The skateboarding collection at the Smithsonian's National Museum of American History more than doubled in size during a special ceremony June 22 in which Tony Hawk, Rodney Mullen and other leading skateboarding figures donated artifacts from their careers. The donation ceremony kicked off “Innoskate,” an event presented by the Smithsonian's Lemelson Center with the International Association of Skateboard Companies.
“Innoskate” will take place on and around a skate ramp installed on the museum's plaza, facing the National Mall and with the Washington Monument as a backdrop. Discussions and skateboarding demonstrations will explore innovations in skateboarding and equipment technology, such as wheels and trucks; the influence of skate clothing and footwear on mainstream fashion and culture; and the continuous innovation in tricks, both in the street and on ramps. Skaters and industry representatives will discuss how innovation will shape the future of skateboarding and pro and invited skaters will take to the ramp to show off their tricks. For a schedule of events, visit http://innoskate2013.tumblr.com.
Hawk will donate his first skateboard, given to him by his brother, Steve, in 1977. A 1975 Bahne skateboard used by Steve before he gave it to his brother, the fiberglass deck is set up with Chicago roller-skate trucks that were attached to steel base plates for use on skateboards. Steve modified the board with 3/8-inch plywood “risers” to raise the deck further from the trucks and provide greater clearance for the urethane Stoker loose-ball-bearing wheels. This first board joins a 1986 Tony Hawk pro model Powell-Peralta deck ridden in competition by Hawk in the mid-1980s and acquired by the museum in 2011.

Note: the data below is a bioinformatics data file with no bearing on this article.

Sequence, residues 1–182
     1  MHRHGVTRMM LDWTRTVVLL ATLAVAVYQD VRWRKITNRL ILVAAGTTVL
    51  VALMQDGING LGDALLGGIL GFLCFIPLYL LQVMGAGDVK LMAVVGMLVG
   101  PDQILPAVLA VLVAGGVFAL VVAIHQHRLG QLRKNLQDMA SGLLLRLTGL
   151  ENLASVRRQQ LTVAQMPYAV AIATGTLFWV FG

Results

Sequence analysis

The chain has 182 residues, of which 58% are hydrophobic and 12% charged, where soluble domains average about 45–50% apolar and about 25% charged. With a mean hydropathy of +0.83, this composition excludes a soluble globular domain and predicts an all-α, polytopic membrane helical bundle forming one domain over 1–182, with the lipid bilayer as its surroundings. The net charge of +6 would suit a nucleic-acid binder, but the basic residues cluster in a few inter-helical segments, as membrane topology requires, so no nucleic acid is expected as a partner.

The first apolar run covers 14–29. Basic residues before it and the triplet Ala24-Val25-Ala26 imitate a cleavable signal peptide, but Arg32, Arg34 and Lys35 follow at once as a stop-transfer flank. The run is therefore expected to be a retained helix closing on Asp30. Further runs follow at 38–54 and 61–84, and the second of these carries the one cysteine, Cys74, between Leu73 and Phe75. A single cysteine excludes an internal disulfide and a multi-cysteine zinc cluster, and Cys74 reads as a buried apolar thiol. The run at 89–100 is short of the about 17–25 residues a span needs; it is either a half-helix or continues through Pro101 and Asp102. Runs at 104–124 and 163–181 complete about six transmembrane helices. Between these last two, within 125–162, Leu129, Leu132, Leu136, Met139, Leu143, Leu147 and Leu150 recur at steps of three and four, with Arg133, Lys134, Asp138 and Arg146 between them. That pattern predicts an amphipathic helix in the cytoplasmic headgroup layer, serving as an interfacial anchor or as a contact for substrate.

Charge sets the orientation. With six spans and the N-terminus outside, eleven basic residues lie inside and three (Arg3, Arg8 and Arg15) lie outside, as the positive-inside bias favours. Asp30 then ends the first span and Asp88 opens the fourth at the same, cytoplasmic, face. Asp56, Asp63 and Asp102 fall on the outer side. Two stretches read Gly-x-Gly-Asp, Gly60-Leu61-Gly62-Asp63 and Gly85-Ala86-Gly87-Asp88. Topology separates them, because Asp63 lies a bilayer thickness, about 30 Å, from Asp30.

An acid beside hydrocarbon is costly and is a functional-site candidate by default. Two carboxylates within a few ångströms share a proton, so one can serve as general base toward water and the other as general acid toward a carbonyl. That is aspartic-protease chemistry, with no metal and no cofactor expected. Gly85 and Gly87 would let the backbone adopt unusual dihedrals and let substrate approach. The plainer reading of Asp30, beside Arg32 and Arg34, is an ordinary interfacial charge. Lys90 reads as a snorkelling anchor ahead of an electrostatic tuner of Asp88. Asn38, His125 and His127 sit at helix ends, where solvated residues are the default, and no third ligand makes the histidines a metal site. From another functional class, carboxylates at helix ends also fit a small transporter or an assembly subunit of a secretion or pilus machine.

Other objects that will be donated during “Innoskate” include the board Mullen rode at the Smithsonian during a 2012 interview on creativity and innovation in skateboarding; Patti McGee's Hobie Super Surfer board from 1965; skate apparel worn by Cindy Whitehead in competition and a prototype of and original artwork for her latest pro-model board; the skateboard Jack Smith used to ride across the country in 1976; Bruce Logan, Robin Logan and Laura Thornhill Logan Earth Ski pro-model skateboards (1976-1977); a set of master keys to Skatepark of Tampa, a significant cultural and physical hub for skateboarders, from 1994; a skate deck and apparel used by Mimi Knoop during X Games appearances; and Schmitt Stix, rails that allowed boards to better slide on coping, invented by Paul Schmitt.
Downhill skateboarding is represented by donations of a Fly Away skate helmet worn by Judi Oyama in the 1980s and the board and helmet used by George Orton when he set the world speed record on a skateboard in 1996. Archival materials being donated include a complete set of the “National Skateboard Review,” a chronicle of skate activity in the late 1970s run by Di Dootson; early editions of TransWorld SKATEboarding magazine; and newspaper articles.
“Skateboarding is surrounded by a culture of inventive creativity and imagination,” said Jeffrey Brodie, deputy director of the Lemelson Center and Innoskate coordinator. “Skateboarders are similar to inventors in viewing the world from a unique perspective — what it has the potential to be. Innoskate is a deep look into an American invention that has become a global phenomenon.”
The International Association of Skateboard Companies is the member-owned not-for-profit trade association of skateboarding. IASC's goals are to promote skateboarding, increase participation, educate and save their members money. For more information, visit http://theiasc.org.
The Lemelson Center has led the study of invention and innovation at the Smithsonian since 1995. The center's activities advance scholarship on the history of invention, share stories about inventors and their work and nurture creativity in young people. The center is supported by The Lemelson Foundation and located in the National Museum of American History.